In the first part of Aeschylus’ trilogy, King Agamemnon returns to Argos, shortly after the end of the Trojan War. Agamemnon triumphantly marches into the city and his palace, flaunting the Trojan princess and Apollo priestess Cassandra as his spoils of war. Clytemnestra welcomes her husband, all pomp and circumstance. However, it is quickly revealed that her enthusiasm conceals a well-orchestrated plan. She has decided to take revenge for the murder of their daughter, Iphigenia, sacrificed by Agamemnon to get the Greek ships afloat over ten years ago. The red carpet she rolls out for Agamemnon’s return foreshadows the impending bloodbath, when she and her accomplice/lover, Aegisthus, murder the king and his concubine.
In Aeschylus’ Agamemnon, the tragic characters are doomed to suffer and die, whereas the members of the Chorus are doomed to suffer and live, revisiting their misfortunes and seeking a way out. In a Polis doomed to self-destruction, citizens, here represented by the Chorus, must muster their strength and faith, and redefine their moral and civic values, thus ensuring their continued survival.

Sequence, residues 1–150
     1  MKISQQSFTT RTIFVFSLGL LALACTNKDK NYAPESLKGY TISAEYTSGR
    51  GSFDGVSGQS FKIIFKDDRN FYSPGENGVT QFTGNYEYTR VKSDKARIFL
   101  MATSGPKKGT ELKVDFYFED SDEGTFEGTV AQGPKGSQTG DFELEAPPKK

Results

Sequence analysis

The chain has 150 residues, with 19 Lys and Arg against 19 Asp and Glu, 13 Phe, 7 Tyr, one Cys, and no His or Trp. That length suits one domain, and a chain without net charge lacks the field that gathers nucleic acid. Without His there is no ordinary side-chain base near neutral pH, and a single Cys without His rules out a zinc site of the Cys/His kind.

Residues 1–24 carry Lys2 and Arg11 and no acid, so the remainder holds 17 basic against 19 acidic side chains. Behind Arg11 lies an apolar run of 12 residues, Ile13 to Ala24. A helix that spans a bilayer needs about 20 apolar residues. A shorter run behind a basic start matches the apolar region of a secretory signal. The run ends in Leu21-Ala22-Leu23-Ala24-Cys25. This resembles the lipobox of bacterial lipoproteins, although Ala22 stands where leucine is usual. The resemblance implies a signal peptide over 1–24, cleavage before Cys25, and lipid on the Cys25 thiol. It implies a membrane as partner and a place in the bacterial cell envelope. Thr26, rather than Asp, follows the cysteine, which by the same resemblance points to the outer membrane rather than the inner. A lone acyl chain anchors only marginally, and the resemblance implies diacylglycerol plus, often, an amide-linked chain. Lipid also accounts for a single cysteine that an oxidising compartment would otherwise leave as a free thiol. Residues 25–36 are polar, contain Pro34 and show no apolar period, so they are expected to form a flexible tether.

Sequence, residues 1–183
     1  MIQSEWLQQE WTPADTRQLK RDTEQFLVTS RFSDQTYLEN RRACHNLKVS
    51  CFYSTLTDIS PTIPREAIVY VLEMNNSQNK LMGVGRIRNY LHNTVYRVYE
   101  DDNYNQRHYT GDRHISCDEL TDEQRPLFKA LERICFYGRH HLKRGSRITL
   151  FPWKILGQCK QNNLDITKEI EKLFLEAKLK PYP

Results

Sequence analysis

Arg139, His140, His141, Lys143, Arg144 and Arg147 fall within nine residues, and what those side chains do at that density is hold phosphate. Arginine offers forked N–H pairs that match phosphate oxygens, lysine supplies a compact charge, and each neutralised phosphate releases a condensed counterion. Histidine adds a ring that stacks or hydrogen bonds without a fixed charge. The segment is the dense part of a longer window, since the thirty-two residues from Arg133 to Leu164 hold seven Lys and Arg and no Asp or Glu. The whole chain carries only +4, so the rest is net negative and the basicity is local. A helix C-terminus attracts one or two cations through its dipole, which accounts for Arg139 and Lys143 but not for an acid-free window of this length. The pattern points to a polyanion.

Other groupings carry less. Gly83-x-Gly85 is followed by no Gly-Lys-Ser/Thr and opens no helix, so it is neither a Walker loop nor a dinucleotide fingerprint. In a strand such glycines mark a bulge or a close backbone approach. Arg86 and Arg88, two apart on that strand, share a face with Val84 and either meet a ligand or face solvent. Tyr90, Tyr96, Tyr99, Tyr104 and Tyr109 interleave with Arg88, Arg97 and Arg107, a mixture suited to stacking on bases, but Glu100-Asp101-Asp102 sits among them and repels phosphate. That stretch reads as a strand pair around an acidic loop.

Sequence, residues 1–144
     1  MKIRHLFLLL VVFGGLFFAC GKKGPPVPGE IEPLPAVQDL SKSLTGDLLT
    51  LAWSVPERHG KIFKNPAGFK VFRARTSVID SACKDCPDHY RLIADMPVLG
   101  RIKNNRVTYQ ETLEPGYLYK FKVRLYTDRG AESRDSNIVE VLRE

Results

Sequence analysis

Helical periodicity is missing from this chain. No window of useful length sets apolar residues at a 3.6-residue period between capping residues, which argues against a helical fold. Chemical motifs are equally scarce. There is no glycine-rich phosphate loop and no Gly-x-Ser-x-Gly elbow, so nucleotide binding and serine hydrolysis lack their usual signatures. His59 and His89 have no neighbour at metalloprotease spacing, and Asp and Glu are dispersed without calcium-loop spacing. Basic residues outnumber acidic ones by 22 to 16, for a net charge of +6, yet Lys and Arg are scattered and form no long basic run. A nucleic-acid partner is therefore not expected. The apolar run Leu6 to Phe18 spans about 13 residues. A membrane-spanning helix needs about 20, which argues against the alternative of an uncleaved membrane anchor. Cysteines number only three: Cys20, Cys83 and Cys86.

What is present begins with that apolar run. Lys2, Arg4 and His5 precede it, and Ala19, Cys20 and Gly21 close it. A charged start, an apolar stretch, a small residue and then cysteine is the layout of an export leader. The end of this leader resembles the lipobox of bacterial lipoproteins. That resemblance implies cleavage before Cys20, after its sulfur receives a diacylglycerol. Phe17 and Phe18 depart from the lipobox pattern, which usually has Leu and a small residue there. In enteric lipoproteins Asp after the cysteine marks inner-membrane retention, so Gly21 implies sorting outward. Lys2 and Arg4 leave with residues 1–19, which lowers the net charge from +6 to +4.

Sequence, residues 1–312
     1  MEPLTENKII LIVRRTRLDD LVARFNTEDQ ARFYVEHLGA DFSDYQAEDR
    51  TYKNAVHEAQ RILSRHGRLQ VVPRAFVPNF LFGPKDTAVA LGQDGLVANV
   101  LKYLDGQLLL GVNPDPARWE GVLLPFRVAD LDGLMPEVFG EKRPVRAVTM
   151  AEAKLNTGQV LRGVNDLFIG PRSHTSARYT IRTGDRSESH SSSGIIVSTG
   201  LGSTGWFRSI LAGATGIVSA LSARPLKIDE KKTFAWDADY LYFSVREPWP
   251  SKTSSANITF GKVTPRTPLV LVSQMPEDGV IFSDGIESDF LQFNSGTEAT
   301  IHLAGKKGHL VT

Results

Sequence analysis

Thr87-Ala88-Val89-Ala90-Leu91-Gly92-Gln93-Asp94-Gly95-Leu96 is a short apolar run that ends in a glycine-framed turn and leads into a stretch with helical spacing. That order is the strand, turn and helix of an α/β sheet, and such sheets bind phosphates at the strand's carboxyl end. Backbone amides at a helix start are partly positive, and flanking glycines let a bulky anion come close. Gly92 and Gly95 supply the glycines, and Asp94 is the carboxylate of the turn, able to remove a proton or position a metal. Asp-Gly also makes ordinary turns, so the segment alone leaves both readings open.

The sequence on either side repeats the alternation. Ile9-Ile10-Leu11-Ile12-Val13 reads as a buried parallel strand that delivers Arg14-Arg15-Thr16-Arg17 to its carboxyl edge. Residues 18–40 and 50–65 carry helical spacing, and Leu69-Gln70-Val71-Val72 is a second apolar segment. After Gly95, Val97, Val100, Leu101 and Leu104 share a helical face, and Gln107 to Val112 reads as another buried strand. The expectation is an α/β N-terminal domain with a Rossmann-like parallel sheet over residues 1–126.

This tragedy addresses the crucial need for reawakening citizens’ sense of duty. Conflict is built upon these grounds: even obedient citizens will inevitably find themselves at odds with the status quo.
Translation: Yorgos Blanas
Direction: Cezaris Graužinis
Set and costume design: Kenny MacLellan
Music - musical coaching: Haris Pegiazis
Choreography - movement: Eddie Lame
Lighting design: Alekos Giannaros
Assistant director: Sygklitiki Vlahaki
Cast: Yannis Stankoglou, Maria Protopappa, Iovi Fragatou
Production manager: Anastasia Kavalari
Communication: Anzelika Kapsampeli
Artistic direction of Stefi Productions: Aliki Danezi-Knutsen
Production: Stefi Productions - Yiannis M. Costas